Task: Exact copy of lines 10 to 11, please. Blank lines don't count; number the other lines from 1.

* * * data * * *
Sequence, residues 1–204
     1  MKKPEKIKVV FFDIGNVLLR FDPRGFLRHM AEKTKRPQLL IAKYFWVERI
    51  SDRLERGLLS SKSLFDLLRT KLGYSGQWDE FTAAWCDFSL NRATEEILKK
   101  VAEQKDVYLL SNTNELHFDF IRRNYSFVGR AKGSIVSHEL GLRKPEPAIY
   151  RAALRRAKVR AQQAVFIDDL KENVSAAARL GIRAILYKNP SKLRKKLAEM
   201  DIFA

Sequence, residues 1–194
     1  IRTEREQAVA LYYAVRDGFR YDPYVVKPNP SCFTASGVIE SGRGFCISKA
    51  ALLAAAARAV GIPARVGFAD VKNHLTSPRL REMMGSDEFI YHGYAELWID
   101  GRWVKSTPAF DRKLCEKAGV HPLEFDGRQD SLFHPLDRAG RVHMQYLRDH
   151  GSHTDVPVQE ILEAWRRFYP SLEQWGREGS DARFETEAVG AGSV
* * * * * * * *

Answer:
   101  GRWVKSTPAF DRKLCEKAGV HPLEFDGRQD SLFHPLDRAG RVHMQYLRDH
   151  GSHTDVPVQE ILEAWRRFYP SLEQWGREGS DARFETEAVG AGSV